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Pace-Asciak A.,Infectious Disease Prevention and Control Unit | Mamo J.,University of Malta | Calleja N.,Guardamangia
International Journal of Tuberculosis and Lung Disease | Year: 2013

SETTING: Malta, 2002-2005. OBJECTIVES: To describe the demography and tuberculosis (TB) epidemiology of undocumented immigrants to Malta to tailor TB control strategies to this population. DESIGN: Retrospective population study of undocumented immigrants to Malta using national TB surveillance data. RESULTS: Overall, 85% (4570/5383) of undocumented immigrants were screened on entry using chest X-ray (CXR). Undocumented immigrants were mostly young adults aged 15-34 years (81%) and predominately male (86%), mostly originating from Africa (88%). On screening, 3.5% (160/4570) had CXR suggestive of TB, of whom 12.5% (20/160) had active TB. Using both active and passive surveillance, 33 cases of active TB were diagnosed in these immigrants, 94% of whom were diagnosed during their first 12 months of residence in Malta. Entry screening detected 61% (20/33) of cases (yield 0.44%). Of the total TB cases in Malta, the proportion of undocumented immigrants increased markedly from 33% in 2002 to 60% in 2005. The reported TB incidence among immigrants was 390/100 000 compared to 2.1/100 000 in the Malta-born. CONCLUSION: Tailoring TB control strategies to this migrant population is essential for TB control in Malta. Awareness of increased risk of TB needs to be ongoing, not just at entry but for many years after arrival, even in resettlement countries. © 2013 The Union. Source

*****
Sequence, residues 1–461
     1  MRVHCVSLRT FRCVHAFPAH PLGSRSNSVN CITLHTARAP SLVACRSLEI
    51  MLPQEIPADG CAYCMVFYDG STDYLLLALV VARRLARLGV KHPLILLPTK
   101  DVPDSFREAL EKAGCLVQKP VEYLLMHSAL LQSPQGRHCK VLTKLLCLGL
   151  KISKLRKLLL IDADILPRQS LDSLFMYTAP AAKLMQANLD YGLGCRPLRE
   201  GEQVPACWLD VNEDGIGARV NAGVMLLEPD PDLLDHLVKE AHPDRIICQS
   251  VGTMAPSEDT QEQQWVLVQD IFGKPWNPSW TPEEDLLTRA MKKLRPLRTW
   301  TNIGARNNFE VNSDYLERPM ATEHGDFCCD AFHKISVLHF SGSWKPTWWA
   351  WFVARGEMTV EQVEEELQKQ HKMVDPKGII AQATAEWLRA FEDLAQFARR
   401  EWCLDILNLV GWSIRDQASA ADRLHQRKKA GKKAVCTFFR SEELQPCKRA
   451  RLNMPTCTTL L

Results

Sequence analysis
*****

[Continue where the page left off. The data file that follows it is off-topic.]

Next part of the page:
Calleja-Agius J.,University College London | Calleja-Agius J.,University of Malta | Schembri-Wismayer P.,University of Malta | Calleja N.,Guardamangia | And 2 more authors.
Gynecological Endocrinology | Year: 2011